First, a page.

Boeing 787: A Paradigm Shift or Just a Nice Airplane?

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Despite "teething problems," customers have been happy with the 787, said aviation consultant Scott Hamilton. "I haven't heard of any airline having any particular problems with the airplane once it entered service," he said. ANA and Air India briefly grounded aircraft due to engine problems.

Like many major construction projects, the 787 arrived late and over budget. The first delivery was three years late and, even last week, questions arose about how quickly the next three United 787s will arrive. Boeing long ago admitted to major flaws in its execution of a plan to outsource key components to an array of vendors around the world. In setting up a second 787 plant in Charleston, S.C., Boeing stepped into the hornet's nest of Congressional anti-labor hysteria, which the company reeled in by negotiating a new contract with the International Association of Machinists in 2011. Now, the IAM is seeking to organize the Charleston plant.

In August, Australia's Qantas Airways said it would cancel orders for 35 787s; the airline still has options for 50 of the planes. In March, China Eastern cancelled an order for 24 aircraft. But orders come and go. Boeing once had about 860 orders. Now, it has orders for 805 after delivering 33.

So far, Boeing shares have not benefited from the start of 787 deliveries. From Jan. 1, 2011, the shares are up 5%, while the S&P 500 is up 12%. This year, Boeing is down 6% while the S&P is up 12%. Analysts have consistently suggested, over the past two years, that Boeing shares would gain once deliveries began, but that is not what has occurred.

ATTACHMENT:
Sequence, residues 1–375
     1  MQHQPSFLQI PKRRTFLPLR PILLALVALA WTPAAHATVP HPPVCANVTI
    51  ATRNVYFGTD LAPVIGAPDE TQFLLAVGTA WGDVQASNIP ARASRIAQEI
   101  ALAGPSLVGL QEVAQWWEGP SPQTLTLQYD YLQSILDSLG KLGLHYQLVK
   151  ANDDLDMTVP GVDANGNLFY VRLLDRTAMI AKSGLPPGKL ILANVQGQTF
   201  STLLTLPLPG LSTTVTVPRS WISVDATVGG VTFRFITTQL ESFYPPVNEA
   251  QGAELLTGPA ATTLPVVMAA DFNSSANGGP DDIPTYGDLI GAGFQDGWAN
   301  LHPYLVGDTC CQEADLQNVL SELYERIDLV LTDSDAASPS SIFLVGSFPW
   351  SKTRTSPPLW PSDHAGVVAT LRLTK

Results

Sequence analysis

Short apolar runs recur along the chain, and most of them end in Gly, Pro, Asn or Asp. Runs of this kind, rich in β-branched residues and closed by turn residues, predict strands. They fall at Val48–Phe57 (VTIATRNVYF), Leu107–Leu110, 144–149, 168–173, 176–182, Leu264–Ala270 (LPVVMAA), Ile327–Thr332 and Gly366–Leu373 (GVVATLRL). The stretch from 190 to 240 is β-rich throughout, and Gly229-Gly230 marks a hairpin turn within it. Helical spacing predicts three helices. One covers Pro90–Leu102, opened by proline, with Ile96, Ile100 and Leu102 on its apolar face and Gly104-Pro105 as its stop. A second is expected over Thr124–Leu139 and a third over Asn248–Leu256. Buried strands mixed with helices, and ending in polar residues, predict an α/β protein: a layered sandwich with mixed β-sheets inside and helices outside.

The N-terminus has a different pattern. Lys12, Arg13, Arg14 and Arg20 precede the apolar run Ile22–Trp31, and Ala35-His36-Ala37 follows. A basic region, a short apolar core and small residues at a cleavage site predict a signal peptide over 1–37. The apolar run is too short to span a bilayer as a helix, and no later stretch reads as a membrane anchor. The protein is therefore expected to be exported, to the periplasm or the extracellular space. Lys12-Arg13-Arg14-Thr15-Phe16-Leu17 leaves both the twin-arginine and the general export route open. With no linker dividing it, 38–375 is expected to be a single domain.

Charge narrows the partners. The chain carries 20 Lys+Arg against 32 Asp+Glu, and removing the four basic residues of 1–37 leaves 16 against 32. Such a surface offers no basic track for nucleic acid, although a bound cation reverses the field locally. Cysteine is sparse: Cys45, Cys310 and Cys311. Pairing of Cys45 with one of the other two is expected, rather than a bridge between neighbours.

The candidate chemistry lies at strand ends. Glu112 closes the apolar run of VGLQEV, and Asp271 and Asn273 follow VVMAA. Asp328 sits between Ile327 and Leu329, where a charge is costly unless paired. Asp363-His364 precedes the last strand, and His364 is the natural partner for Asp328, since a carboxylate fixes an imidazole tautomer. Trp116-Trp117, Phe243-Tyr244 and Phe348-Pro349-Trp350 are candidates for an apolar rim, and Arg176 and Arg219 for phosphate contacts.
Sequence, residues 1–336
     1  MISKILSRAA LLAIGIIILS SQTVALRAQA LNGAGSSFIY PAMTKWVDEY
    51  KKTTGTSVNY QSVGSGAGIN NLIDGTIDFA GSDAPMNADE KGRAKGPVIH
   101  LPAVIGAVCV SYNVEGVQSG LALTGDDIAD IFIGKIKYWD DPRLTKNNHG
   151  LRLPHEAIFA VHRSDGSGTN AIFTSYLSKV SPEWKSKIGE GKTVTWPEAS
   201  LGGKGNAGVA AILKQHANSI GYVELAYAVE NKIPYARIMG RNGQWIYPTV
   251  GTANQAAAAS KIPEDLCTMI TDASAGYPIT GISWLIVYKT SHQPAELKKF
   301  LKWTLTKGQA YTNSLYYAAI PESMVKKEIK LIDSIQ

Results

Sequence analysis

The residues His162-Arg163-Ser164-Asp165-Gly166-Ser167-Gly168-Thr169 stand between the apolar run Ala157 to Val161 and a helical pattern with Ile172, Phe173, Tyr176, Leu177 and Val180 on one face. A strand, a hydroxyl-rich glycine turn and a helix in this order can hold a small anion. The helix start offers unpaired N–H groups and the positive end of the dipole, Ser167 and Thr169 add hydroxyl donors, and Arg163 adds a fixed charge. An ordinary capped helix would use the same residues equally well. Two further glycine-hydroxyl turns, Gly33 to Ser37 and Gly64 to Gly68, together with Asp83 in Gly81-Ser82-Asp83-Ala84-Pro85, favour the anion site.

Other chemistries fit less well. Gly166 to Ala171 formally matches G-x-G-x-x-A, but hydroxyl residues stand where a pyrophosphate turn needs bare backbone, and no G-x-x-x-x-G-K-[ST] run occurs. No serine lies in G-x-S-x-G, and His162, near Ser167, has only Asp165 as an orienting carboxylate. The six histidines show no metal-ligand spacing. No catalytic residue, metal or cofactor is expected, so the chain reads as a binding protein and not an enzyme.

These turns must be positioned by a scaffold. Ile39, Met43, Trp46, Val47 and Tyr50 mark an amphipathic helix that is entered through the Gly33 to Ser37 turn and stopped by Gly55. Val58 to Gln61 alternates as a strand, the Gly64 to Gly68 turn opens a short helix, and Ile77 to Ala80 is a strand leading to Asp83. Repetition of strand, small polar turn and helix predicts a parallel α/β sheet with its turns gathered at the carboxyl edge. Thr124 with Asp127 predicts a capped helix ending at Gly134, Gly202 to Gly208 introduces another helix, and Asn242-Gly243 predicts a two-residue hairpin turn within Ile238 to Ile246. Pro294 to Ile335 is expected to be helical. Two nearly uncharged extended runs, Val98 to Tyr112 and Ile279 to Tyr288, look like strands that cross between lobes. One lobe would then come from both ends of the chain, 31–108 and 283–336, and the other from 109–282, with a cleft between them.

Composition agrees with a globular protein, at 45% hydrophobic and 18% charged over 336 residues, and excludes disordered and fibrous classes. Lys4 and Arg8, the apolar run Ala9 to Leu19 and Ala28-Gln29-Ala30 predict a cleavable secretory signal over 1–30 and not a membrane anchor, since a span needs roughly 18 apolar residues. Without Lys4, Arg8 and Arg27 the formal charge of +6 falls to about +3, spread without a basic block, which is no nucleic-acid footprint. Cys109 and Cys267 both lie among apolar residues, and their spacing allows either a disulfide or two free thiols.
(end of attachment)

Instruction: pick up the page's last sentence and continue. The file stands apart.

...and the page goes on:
According to Aboulafia, "The sad truth in this business is that, since the dawn of the jet age, you cannot say that any single aircraft has revolutionized anything." The advent of twin aisle jets and of the high bypass turbofan are considered similar events in the development of jet aircraft, he said, and yet world airline traffic grew 309% in the 1960s, before the two "revolutions," and 214% from 1970 to 1980.

Hamlin said the 350 and the 787 represent a major shift in terms of materials used in airplanes. "The first paradigm shift was from wood to metal, and now we are shifting from metal to composites," he said. Does that matter to carriers who fly the aircraft? Yes, in terms of fuel efficiency, but in terms of passenger growth, "everything is structured around hubs now," Hamlin said. "Customer loyalties are already lined up."

-- Written by Ted Reed in Charlotte, N.C.

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